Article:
Sims v. Fletcher et al
ORDER granting defts' 21 Motion for Summary Judgment, dismissing pltf's claims against the defts with prejudice; judgment will be entered accordingly. Signed by Judge Brian S. Miller on 9/6/11. (vjt)
IN THE UNITED STATES DISTRICT COURT
FOR THE EASTERN DISTRICT OF ARKANSAS
LINDA L. SIMS
CASE NO. 4:10CV00195 BSM
DAVE FLETCHER and DOYLE BATEY,
Individually AND in their Official Capacities
as Employees, Arkansas Department of
The motion for summary judgment of defendants Dave Fletcher and Doyle Batey
[Doc. No. 21] is granted for the reasons set forth below.
Viewed in the light most favorable to plaintiff Linda Sims, the uncontroverted facts
are as follows. Sims worked for the Arkansas Department of Veterans Affairs (“ADVA”)
from July 2005 until December 10, 2008. Plaintiff’s Verified Responses to Defendants
Statement of Material Facts Not in Dispute, (“Dfs. SOF”) ¶ 1. She was hired as an executive
secretary and later became the personnel manager. Id. She was 45 years old at the time she
As personnel manager, Sims was responsible for enrolling eligible ADVA employees
in the Arkansas Public Employees Retirement System (“APERS”). Id. at ¶ 18. Once enrolled
in APERS, an employee becomes a contributory member of the retirement system and a
percentage of her salary is withheld and remitted to APERS along with a contribution from
the employing agency. Id.
Debra Williams, a part-time nurse with ADVA, contacted Sims regarding her
eligibility to enroll in APERS and Sims responded by email on May 27, 2008, explaining that
Williams was ineligible to enroll because she had not worked enough hours. Id. at ¶ 7.
Robyn Clark, Sims’s supervisor, was copied on this email. Id. On June 11, 2008, Andrew
Anderson, an Assistant Administrator at the Little Rock Veterans Home, sent an email to
Sims asking her to “please help resolve this b/4 it becomes a problem for this valued RN.
She’s one of our best.” Id. at ¶ 8. In response, Sims represented that Williams’s “challenge
has been resolved. When I talked to Ms. Williams last Thursday she was delighted with my
On August 30, 2008, Williams complained that her APERS contributions were not
being made and threatened legal action. Id. at ¶ 9. Williams sent the complaint to Sims,
Clark, Anderson, Dave Fletcher, the director of ADVA, and Marion Harris, the director of
nursing at the Veterans Home. Id. Sims responded on September 3, 2008, that Williams was
ineligible to enroll in APERS because APERS uses pay periods as opposed to calendar
months to determine eligibility for enrollment. Id. at ¶ 10. Sims further responded that June
was the only month in which Williams worked the requisite hours for APERS eligibility. Id.
Anderson contacted Sims again on October 10, 2008, to determine whether everything
had been resolved regarding Williams’s APERS eligibility and Sims told her that it had, but
that Williams was not satisfied. Id. at ¶ 11. On October 15, 2008, Harris copied Sims on an
email to Albert Wilson, the Arkansas Veterans Home Administrator, that contained a work
schedule verifying that Williams had worked the hours necessary for enrollment in APERS.
Id. at ¶ 13. On October 16, 2008, Fletcher met with Doyle Batey, the deputy director of
ADVA, Clark, and Dawn Stalcup, an APERS employee to discuss Williams’s enrollment in
APERS. Id. at ¶ 14. Stalcup explained that, on more than one occasion, she had explained
to Sims that Williams had met the hours requirement for enrollment in APERS. Id. On
October 22, 2008, Batey asked Sims via email whether Williams had met the hours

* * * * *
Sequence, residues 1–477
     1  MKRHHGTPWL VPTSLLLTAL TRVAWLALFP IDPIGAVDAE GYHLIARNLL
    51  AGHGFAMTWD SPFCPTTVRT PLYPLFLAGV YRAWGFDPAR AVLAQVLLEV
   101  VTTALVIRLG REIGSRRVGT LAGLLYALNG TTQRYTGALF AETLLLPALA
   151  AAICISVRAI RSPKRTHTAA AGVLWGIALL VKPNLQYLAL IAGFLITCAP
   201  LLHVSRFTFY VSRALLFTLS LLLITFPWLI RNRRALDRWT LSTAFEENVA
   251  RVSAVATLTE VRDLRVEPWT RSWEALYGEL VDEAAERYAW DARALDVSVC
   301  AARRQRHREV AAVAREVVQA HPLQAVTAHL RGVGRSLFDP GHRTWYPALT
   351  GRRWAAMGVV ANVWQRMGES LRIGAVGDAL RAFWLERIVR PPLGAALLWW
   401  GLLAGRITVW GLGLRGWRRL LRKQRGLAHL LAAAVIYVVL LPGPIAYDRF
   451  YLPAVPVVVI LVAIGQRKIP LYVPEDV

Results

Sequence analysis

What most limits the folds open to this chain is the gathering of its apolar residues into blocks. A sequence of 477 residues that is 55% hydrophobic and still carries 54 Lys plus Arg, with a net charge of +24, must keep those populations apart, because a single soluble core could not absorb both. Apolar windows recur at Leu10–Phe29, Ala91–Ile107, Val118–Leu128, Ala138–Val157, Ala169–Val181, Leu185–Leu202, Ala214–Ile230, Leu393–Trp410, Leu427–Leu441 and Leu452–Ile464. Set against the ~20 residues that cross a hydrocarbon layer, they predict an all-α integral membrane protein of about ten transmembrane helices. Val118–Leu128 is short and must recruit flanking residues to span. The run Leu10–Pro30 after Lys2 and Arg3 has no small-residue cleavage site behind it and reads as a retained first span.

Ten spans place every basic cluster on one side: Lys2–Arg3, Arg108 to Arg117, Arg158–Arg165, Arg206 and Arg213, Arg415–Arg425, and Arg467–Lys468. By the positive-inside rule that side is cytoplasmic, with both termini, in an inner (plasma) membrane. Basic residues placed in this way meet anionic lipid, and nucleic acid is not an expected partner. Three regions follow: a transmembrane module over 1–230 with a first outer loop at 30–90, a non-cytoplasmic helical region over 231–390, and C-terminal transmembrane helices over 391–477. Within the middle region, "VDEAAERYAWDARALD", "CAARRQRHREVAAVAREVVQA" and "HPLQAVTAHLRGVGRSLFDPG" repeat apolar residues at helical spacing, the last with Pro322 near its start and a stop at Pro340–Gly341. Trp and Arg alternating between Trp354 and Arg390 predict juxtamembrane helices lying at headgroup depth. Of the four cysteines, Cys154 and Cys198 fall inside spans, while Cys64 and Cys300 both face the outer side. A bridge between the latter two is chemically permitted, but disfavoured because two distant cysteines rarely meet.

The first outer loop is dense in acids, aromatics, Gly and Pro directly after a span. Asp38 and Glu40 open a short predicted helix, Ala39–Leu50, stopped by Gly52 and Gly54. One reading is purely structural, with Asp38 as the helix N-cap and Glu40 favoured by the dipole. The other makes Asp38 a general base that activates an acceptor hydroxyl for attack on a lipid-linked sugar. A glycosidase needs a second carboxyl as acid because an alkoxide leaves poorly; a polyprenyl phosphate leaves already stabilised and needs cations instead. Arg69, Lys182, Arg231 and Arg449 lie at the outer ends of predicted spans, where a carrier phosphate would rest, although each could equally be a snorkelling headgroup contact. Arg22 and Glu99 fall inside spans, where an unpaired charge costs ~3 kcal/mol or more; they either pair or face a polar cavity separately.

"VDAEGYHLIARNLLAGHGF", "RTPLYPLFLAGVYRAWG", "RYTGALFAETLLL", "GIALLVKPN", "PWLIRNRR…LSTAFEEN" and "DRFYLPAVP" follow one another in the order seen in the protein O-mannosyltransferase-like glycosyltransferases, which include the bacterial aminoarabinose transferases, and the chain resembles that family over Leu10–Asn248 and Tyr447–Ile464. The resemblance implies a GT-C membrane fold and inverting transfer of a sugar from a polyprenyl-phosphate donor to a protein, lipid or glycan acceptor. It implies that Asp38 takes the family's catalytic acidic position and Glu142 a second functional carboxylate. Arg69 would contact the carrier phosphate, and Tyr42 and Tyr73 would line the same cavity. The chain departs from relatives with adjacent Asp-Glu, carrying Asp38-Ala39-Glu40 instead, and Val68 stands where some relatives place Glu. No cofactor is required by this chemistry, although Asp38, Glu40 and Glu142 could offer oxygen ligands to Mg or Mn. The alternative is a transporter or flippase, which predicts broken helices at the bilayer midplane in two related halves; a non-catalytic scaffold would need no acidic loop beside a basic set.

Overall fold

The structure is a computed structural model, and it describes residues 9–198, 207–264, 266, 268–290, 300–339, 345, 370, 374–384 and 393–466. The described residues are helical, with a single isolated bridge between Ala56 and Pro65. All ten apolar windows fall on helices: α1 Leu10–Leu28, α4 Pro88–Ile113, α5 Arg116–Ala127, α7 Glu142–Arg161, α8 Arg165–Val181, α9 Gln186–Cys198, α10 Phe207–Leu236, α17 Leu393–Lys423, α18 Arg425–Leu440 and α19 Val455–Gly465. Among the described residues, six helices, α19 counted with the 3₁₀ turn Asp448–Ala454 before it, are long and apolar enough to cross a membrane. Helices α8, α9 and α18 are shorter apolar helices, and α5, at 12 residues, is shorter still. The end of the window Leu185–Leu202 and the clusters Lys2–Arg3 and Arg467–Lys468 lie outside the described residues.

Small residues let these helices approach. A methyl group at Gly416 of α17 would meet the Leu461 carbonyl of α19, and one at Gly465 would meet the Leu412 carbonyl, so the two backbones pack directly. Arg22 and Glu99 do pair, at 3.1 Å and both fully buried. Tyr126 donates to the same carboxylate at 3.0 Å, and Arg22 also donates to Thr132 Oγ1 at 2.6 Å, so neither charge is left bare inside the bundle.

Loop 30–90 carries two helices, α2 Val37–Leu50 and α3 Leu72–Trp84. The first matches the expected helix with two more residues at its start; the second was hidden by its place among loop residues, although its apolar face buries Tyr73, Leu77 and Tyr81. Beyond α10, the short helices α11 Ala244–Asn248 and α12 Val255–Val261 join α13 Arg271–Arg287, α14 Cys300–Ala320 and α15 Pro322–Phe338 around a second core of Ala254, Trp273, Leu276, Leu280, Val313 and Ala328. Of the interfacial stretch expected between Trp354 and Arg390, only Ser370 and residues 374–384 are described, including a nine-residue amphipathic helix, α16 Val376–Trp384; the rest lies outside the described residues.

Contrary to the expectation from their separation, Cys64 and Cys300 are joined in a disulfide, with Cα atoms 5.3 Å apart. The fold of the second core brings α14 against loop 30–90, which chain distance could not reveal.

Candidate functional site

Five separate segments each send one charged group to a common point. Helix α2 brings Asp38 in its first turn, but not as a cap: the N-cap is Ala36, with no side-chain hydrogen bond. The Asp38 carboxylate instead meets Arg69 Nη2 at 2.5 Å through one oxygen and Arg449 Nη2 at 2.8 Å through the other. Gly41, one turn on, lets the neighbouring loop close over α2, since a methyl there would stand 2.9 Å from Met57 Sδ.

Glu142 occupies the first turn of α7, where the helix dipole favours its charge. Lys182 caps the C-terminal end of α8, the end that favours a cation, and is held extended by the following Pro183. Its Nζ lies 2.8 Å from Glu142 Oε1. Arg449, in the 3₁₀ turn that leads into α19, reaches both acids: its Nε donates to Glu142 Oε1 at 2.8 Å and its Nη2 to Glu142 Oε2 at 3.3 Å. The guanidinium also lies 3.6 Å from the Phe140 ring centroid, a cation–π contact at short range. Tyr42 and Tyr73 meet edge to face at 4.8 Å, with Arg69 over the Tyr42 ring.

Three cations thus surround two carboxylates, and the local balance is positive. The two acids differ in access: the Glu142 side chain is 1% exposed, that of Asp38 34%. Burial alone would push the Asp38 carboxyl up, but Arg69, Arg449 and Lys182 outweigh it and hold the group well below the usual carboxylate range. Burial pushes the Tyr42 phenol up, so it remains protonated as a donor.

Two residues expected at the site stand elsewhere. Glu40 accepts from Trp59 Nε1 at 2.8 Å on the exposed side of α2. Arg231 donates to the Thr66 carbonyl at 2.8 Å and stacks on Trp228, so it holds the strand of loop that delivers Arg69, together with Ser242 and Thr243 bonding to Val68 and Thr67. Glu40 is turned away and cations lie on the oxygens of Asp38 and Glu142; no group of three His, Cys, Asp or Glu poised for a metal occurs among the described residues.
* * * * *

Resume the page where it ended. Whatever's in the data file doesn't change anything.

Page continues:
requirement for enrollment. Id. at ¶ 15. Sims, however, failed to respond. Id. On October
24, 2008, Batey concluded that Williams was eligible for APERS enrollment and directed
Clark to prepare and mail to APERS the necessary paperwork for enrollment. Id. Clark
On Friday, October 24, 2008, Sims went to the hospital following an automobile
accident. Id. at ¶ 16, Exhibit A-12. She spent the night in the hospital and was discharged
the following day. Id. Sims was permitted to remain off work until she returned on
Wednesday, October 29, 2008. Id. When she returned to work, Sims was informed that she
needed to provide verification from her medical provider that she could return to work. Id.
at ¶ 17. In response to this request, Sims provided her hospital discharge summary, Exhibit
A-12, which provides that she had “[n]o restrictions.” Id. Sims resumed her regular work
Stalcup notified Clark on November 10, 2008, that ADVA was required to pay a
delinquent service charge to APERS for failing to withhold contributions from Williams’s
paycheck. Id. at ¶ 18. Two days later, Clark directed Sims to prepare a new contribution
check for Williams and to prepare a memo explaining the payment. Id. Sims, however,
refused to comply. Id. at ¶ 19. Consequently, Stalcup called Clark again on December 9,
2008, and asked whether Williams’s contribution had been sent. Id. When asked about it,
Sims informed Clark that she had not mailed the payment. Id. Because Sims failed to make
the payment, ADVA was assessed an additional delinquent service charge. Id. Clark
informed her superior, Batey, of her conversation with Stalcup and of Sims’s failure to send
in the payment. Id. at ¶ 20.
On December 10, 2008, defendants informed Sims that she could resign from her
position or be terminated. Id. at ¶ 21. Sims signed a resignation letter prepared by Batey and
formally resigned. Id. On April 7, 2009, Sims filed a charge of discrimination against
ADVA with the Equal Employment Opportunity Commission (“EEOC”) claiming that she
was discharged because she is a woman. On September 15, 2009, she amended the charge
to state that she was discharged because of her age as well as her sex. She received her right
to sue letter on December 23, 2009. Linda Sims Deposition Exhibits 4-8.
Sims filed suit on March 29, 2010, alleging that: (1) defendants interfered with her
rights under the Family Medical Leave Act of 1993 (“FMLA”) and retaliated against her for
requesting FMLA leave; (2) defendants violated 42 U.S.C. § 1983 and Title VII by
discriminating against her on the basis of sex and age; (3) defendants violated the Age